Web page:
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Grand Challenges is a family of initiatives fostering innovation to solve key global health and development problems. Each initiative is an experiment in the use of challenges to focus innovation on making an impact. Individual challenges address some of the same problems, but from differing perspectives.


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Initiatives: Grand Challenges Explorations
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Identification and Characterization of Vector-Borne Pathogens and Vector Exposures to Define Regional Biomonitoring Strategies and Vector Control Efforts in Cambodia

Jessica Manning, National Institute of Allergy and Infectious Diseases (Bethesda, Maryland, United States)
May 1, 2019

Jessica Manning of the National Institute of Allergy and Infectious Diseases and Daniel Parker of the University of California, Irvine in the U.S. are leveraging metagenomic next-generation sequencing technology to control vector-borne and enteric diseases in Cambodia. In Phase I, which coincided with the country's worst ever recorded dengue epidemic, they documented the full range of pathogens carried by wild mosquitoes and in serum samples from around 400 febrile patients in a peri-urban hospital in Kampong Speu Province. They also measured antibody reactivity against mosquito saliva in these patients to locate disease hotspots, which were targeted by control efforts. In Phase II, they will expand their approach to 3,000 patients across three urban hospitals (adult, pediatric and maternity) in the capital, and characterize the prevalence and spread of multi-drug resistant Salmonella typhi to better manage the use of antibiotics. They will also train local laboratory technicians, and use open-source tools to produce maps of the data for health officials to track outbreaks.

Low-Cost Water Pollution Spectrometer for Monitoring Map

Doyeon Pi, PiQuant Co.,Ltd. (Seoul, South Korea)
May 1, 2019

Do-yeon Pi of PiQuant in the Republic of Korea is developing a low-cost spectroscopic device and monitoring system, the Water Scanner, that can be nationally deployed to rapidly detect and map Escherichia coli contamination in drinking water in low-resource settings. Water pollution causes up to 90% of diarrheal diseases, which kill 500,000 children under the age of five each year. Water quality is currently measured using spectroscopic devices that are expensive and time-consuming. In Phase I, they developed a new device incorporating a noise-canceling algorithm that can accurately measure water quality within an hour at 1% of the cost of traditional devices. They also set up a GIS-based monitoring system to create water quality maps that enable a rapid response to any contamination. In Phase II, they will finalize the development and validation of their technology, and work towards commercialization in India and Vietnam.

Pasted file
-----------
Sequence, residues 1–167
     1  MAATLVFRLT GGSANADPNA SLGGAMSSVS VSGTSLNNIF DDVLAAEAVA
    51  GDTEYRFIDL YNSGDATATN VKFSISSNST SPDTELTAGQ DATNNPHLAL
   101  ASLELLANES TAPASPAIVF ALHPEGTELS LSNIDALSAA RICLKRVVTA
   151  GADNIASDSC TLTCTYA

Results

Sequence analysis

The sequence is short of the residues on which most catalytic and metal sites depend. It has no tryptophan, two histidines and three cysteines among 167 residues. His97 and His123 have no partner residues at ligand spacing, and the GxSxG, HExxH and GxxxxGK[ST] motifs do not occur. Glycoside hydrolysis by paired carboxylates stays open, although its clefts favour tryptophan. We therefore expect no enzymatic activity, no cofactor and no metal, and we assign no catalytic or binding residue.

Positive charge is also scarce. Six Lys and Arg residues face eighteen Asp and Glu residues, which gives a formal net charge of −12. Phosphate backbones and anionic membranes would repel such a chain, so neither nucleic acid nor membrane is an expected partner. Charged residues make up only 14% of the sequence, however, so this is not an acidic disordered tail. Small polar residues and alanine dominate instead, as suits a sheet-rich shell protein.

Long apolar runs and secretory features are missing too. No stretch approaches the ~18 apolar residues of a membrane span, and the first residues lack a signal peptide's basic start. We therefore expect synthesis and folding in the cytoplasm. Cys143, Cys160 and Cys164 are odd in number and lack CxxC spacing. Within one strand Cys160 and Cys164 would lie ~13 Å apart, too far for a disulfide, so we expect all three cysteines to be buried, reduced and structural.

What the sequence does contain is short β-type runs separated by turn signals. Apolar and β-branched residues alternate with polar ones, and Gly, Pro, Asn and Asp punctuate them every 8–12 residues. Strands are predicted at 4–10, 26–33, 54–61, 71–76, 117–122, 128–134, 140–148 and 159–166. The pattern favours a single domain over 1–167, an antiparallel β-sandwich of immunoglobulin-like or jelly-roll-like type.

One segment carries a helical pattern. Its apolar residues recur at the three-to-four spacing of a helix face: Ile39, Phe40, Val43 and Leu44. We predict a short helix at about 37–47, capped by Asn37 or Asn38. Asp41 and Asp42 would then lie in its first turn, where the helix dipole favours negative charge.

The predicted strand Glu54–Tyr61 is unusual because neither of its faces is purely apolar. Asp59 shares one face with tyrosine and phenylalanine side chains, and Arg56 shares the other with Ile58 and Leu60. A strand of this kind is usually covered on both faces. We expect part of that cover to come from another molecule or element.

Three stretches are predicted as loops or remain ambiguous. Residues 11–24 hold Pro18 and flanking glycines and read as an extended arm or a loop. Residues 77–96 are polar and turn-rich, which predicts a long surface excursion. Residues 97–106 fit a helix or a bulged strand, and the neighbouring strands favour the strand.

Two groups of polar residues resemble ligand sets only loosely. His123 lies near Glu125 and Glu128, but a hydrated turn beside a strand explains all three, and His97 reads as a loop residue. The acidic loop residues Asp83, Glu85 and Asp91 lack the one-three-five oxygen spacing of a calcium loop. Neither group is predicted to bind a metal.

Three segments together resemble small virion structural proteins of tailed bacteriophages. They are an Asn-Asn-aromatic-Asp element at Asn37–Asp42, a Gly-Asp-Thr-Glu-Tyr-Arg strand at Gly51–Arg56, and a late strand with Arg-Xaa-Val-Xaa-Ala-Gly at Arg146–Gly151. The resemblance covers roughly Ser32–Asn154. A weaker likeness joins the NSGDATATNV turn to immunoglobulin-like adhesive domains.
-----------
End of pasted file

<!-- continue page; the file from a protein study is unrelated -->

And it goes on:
Near-Field Communication-Enabled Precision Molecular Diagnostics for Smartphones

Firat Guder, Imperial College London (London, United Kingdom)
May 1, 2019

Firat Guder and Tony Cass of Imperial College London in the United Kingdom along with George Mahuku and James Legg at the International Institute of Tropical Agriculture in Tanzania are developing a low-cost, disposable electrochemical lateral flow assay for smartphones to rapidly detect crop viruses in the field and enable broad crop disease surveillance in low-income regions. Most diagnostic tests are laboratory-based, expensive, and slow. Their approach is based on chemical amplification to increase sensitivity, and detection by nucleic acid aptamers, which are more stable and less costly than antibodies. In Phase I, they selected aptamers for viruses that cause maize lethal necrosis and cassava brown streak disease, optimized the silicon ink for printing in nitrocellulose membranes, developed mobile and cloud/web applications for data storage and visualization, and laboratory-tested the assay. In Phase II, Firat Guder and colleagues will complete and validate the assay, refine the applications, and manufacture 1,000 prototypes and test them in the field in East Africa.

Safe Drinking Water for Poor Households via Data-Driven Vehicular Water Delivery

Casey Brown, University of Massachusetts Amherst (Amherst, Massachusetts, United States)
May 1, 2019

Casey Brown of the University of Massachusetts in the U.S. is building a water distribution network with digital platform to provide affordable access to safe drinking water for poor urban populations. Public water infrastructure in low- and middle-income areas is often poorly maintained and insufficient for rapidly growing cities. This has led to additional water being provided in tankers by private companies, which is expensive and the water quality is often poor. In Phase I, they built prototype mobile applications, and engaged nine high-quality water vendors to set up online profiles and 300 customers to place orders selecting from quantity, price, distance, and water quality. Once orders were placed, a rider was mobilized with an optimized delivery route. In Phase II, they will optimize the prototypes, implement a real-time water quality measurement system to reduce costs, and expand their platform to target low-income households in Mombasa and Nairobi in Kenya.

PLANT-DX: Field-Based Multiplexed Crop Pathogen Surveillance

Julius Lucks, Northwestern University (Evanston, Illinois, United States)
Nov 1, 2018

Julius Lucks of Northwestern University in the U.S. is developing a low-cost field test that can detect multiple plant pathogens and produce simple visual outputs for farmers in low-income countries to better monitor their crops. Current diagnostic field tests only detect one disease and are generally costly and difficult to use. In Phase I, they developed a sensitive, multiplexed assay that can detect multiple pathogens using biosensors and produce colorimetric outputs, and performed successful field-testing in several countries. In Phase II, they will generate a flexible diagnostic platform that uses computational models to rapidly optimize and formulate tests for a range of plant pathogens by combining nucleic acid sequence-based amplification with CRISPR Cas13 detection. They will also optimize cost, usability, and stability, and test performance in the laboratory and in the field in New Zealand, Kenya, and Uganda.

Pest and Disease Surveillance via High-Resolution Satellites

David Hughes, Pennsylvania State University (University Park, Pennsylvania, United States)
Nov 1, 2018